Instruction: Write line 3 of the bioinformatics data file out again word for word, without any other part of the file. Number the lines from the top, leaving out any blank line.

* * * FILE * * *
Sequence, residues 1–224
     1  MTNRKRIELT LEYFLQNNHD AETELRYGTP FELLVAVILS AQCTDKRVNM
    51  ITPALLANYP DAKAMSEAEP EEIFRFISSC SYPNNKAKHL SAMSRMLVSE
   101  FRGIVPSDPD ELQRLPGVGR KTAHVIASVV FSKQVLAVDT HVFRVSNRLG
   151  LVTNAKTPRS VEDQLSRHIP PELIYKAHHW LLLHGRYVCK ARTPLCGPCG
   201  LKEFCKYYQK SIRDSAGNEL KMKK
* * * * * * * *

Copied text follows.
    51  ITPALLANYP DAKAMSEAEP EEIFRFISSC SYPNNKAKHL SAMSRMLVSE